Next, we can plot the output of our 'price_trace' which represents our new price estimate. Additionally, we'll plot the distribution and mean of the prior (historical) estimate so we can visually see how things shifted.

import scipy.stats as stats

# Build linespace from 5000-40000 for

# x axis

x = np.linspace(5000, 40000)

# Plot normal pdf for historical prior distribution

plt.plot(x, stats.norm.pdf(x, 23000, 4500), c = "k", lw = 2,

label = "prior dist. of suite price")

# Plot price trace into histogram, add lines for mean, prior's mean

_hist = plt.hist(true_price_trace, bins = 25, normed= True, color = "#4b2cde", alpha=0.6, histtype= "stepfilled")

plt.title("Posterior of the true price estimate")

plt.vlines(mu_prior, 0, 1.1*np.max(_hist[0]), label = "prior's mean",

linestyles="--")

plt.vlines(true_price_trace.mean(), 0, 1.1*np.max(_hist[0]), \

label = "posterior's mean", linestyles="-.")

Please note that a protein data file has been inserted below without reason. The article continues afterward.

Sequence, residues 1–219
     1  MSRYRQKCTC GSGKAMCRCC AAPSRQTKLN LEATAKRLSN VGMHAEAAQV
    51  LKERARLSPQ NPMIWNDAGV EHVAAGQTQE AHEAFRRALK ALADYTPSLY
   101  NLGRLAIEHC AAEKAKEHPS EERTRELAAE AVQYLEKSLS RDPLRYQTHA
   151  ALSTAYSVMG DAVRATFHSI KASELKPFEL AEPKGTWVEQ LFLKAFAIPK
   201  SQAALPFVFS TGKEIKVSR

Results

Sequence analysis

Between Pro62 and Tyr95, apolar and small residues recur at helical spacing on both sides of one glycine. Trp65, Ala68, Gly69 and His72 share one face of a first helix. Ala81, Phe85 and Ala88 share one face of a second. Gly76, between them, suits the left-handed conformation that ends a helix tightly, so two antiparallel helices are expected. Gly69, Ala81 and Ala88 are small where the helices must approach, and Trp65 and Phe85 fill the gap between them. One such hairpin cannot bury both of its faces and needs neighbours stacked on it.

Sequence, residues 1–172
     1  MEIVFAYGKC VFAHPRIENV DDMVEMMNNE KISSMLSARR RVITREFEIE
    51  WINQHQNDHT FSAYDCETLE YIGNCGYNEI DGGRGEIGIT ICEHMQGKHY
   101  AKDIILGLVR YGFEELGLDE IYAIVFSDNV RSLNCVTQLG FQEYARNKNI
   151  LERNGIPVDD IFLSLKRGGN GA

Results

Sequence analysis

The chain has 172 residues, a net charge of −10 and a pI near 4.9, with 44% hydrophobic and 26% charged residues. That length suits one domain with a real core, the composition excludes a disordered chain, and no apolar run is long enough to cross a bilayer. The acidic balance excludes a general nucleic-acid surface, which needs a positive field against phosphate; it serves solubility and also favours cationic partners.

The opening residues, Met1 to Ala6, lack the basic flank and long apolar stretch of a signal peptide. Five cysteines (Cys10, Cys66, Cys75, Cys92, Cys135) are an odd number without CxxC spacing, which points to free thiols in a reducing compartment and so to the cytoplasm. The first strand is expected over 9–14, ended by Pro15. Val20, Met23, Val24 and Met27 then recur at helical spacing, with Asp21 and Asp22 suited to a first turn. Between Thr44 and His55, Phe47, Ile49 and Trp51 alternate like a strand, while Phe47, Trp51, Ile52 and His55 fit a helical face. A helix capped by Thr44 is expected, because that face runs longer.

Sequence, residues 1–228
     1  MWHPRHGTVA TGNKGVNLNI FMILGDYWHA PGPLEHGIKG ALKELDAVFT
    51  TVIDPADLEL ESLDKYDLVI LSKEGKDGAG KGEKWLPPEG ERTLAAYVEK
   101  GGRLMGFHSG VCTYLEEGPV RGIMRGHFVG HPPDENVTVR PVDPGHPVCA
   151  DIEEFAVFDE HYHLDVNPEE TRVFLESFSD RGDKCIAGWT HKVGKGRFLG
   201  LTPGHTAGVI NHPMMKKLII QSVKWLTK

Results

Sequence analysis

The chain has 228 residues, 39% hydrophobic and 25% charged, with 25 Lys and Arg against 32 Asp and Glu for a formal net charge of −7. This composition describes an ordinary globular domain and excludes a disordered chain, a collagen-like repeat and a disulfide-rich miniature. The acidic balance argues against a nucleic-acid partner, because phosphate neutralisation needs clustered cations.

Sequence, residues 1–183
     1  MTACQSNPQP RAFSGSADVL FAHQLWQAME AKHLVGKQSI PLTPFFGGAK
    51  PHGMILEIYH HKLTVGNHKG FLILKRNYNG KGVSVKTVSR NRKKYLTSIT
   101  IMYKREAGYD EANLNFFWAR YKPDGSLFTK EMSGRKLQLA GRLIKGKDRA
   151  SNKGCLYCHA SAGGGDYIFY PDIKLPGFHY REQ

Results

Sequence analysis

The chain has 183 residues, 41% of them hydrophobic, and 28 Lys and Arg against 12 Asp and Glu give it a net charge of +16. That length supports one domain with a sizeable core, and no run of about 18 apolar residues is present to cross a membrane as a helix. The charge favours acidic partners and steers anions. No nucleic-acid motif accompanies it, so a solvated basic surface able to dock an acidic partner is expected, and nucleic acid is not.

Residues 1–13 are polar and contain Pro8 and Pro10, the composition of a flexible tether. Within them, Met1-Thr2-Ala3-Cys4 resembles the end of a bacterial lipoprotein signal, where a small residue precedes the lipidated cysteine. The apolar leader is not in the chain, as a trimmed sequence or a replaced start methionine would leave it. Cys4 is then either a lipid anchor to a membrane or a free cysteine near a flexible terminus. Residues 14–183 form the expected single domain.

plt.legend(loc = "upper right");

Here we can see that due to our two observed prizes and guesses (including our uncertainty estimates expressed as standard deviation), we shifted our mean price estimate down a few thousand dollars from the prior mean price.

Now that we've adjusted our bid from just pulling the mean of prior distributions (23,000), one might be tempted to just take our new posterior mean that incorporates our estimates for each prize into the overall bid.

However, we can incorporate one more factor - risk - into our thinking before arriving at a final bid.

Since the rules of the game are unique in the sense that any bid over the value results in earnings of $0, we can create a loss function to incorporate a 'risk' parameter, which is meant to represent how bad it is for us if we guess higher than the true price. (a proxy for our risk aversion)

For every possible bid, we calculate the expected loss associated with that bid. We then vary the risk parameter to see how it affects our loss:

figsize(12.5, 7)

#numpy friendly showdown_loss

def showdown_loss(guess, true_price, risk = 80000):

loss = np.zeros_like(true_price)

ix = true_price < guess

loss[~ix] = np.abs(guess - true_price[~ix])

loss[ix] = risk

return loss

# x-axis labeling

guesses = np.linspace(5000, 40000, 70)

# y-axis labeling, risk band

risks = np.linspace(20000, 90000, 6)

expected_loss = lambda guess, risk: \

showdown_loss(guess, true_price_trace, risk).mean()

# Loop through each risk parameter, calculate the expected

# loss, plot

for _p in risks:

results = [expected_loss(_g, _p) for _g in guesses]

plt.plot(guesses, results, label = "%d"%_p)